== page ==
USA Today columnist Rhonda Abrams outlines how the new health law affects small businesses. "The good news: For the first time, there's real help for entrepreneurs. If you can't afford or can't qualify for insurance, you'll have new options starting in 2014. If you're struggling financially as many self-employed do you may qualify for a government subsidy or Medicaid. ... The downsides: There are no caps on health insurance premiums, so I expect insurance companies to hike rates significantly before they have competition in 2014. If you have more than 50 employees, you'll have to provide coverage or pay a fine beginning 2014" (Abrams, 3/26).
"Small businesses, some of which had fought against the health-care reform bill, will now have to adjust to life with it," The Wall Street Journal reports. "Some groups, such as the National Federation of Independent Business, are concerned that the legislation discourages businesses with fewer than 50 employees from expanding their payrolls. ... Others say the legislation, which would create state-based exchanges through which companies can purchase coverage, doesn't address a chief concern: the spiraling costs of health insurance" (Needleman, 3/25).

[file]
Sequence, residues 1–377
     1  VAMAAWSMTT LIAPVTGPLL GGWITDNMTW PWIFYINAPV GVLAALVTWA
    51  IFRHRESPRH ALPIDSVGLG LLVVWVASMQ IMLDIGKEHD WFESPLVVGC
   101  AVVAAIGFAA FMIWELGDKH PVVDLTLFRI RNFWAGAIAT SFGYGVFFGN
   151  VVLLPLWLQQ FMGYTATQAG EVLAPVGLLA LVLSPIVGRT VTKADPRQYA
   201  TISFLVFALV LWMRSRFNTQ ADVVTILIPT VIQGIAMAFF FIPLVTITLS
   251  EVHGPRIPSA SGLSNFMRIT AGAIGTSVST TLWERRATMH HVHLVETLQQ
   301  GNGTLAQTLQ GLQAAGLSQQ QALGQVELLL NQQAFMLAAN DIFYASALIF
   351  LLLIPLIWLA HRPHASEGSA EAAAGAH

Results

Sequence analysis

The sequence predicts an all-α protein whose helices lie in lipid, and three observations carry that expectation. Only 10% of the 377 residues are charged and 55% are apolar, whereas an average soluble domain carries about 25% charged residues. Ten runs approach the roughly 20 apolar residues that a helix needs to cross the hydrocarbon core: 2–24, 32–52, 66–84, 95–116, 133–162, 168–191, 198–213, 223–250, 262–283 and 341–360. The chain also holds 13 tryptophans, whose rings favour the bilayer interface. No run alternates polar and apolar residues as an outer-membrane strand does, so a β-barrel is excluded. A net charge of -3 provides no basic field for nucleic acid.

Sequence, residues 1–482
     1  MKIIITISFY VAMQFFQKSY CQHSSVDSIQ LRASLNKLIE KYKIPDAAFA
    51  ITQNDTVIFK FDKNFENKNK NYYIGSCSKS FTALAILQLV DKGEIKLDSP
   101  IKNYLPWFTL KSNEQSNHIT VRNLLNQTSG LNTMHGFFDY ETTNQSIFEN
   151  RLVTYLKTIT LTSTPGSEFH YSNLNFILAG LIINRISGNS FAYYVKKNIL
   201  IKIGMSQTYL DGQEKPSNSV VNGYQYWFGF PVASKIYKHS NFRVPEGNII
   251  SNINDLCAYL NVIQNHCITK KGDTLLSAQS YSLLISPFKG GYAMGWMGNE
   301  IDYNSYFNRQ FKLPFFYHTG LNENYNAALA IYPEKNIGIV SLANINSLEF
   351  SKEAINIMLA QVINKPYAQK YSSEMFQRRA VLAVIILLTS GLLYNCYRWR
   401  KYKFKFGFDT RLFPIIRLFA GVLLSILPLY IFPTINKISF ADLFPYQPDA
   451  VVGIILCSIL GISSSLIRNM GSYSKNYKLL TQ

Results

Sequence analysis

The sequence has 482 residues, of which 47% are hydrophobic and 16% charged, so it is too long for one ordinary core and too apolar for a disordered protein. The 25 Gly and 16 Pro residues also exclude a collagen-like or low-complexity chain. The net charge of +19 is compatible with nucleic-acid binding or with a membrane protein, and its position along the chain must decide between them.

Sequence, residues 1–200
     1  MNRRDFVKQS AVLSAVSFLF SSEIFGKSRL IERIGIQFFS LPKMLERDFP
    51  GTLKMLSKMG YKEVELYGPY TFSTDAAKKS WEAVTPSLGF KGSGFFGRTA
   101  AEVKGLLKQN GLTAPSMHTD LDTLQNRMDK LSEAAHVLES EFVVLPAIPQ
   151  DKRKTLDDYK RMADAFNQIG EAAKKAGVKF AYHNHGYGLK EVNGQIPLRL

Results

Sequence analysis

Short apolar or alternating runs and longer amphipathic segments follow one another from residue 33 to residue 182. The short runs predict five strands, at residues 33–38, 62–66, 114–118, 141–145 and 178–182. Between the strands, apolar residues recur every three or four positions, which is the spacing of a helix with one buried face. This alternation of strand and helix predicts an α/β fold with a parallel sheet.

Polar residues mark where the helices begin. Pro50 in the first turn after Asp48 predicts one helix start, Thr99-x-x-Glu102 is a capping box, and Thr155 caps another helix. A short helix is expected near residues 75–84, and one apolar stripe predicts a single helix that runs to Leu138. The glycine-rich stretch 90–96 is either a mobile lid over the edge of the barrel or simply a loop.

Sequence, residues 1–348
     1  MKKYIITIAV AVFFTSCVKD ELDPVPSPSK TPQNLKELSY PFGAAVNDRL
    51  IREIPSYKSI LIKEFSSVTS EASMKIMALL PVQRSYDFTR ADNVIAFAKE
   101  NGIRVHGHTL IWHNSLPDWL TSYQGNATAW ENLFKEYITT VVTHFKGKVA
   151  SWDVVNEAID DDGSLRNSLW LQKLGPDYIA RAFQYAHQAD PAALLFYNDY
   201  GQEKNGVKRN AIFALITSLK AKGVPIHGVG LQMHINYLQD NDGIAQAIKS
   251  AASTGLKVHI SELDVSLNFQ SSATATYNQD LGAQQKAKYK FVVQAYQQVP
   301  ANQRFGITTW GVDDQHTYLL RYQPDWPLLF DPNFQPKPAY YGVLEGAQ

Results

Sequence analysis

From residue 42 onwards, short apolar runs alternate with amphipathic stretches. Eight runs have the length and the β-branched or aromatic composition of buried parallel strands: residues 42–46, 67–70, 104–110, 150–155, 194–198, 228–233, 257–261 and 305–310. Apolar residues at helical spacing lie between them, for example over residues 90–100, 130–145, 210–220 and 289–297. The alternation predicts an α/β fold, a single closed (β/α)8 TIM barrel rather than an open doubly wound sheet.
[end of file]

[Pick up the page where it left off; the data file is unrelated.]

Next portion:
Big companies will also adjust, according to The Wall Street Journal: "In the wake of Washington's health-care overhaul, some companies are taking big one-time charges for anticipated costs, fanning tension with the administration over the legislation's impact on corporate America. Three companies [Deere & Co., Caterpillar, AK Steel] that were among vocal opponents of the legislation have warned they would see an immediate impact on their earnings as a result of the loss of deductions on tax-free subsidies they receive for providing retiree prescription-drug benefits. ... Although the changes don't go into effect until 2013, companies say they have to take the charge to earnings now, to reflect the loss of the future tax deductions. ... Administration officials say companies are exaggerating the impact of the loss of the deduction because of their general unhappiness with health reform" (Maher, Schultz and Tita, 3/26).
The Pittsburgh Tribune-Review points out another impact: "Under health care legislation President Obama signed into law this week, employers could save money by dropping insurance for employees and paying mandated penalties and costs, experts said Thursday." Because new insurance exchanges will offer people affordable alternatives to employer-sponsored coverage, firms may not longer feel obliged to offer the coverage (Stouffer, 3/26).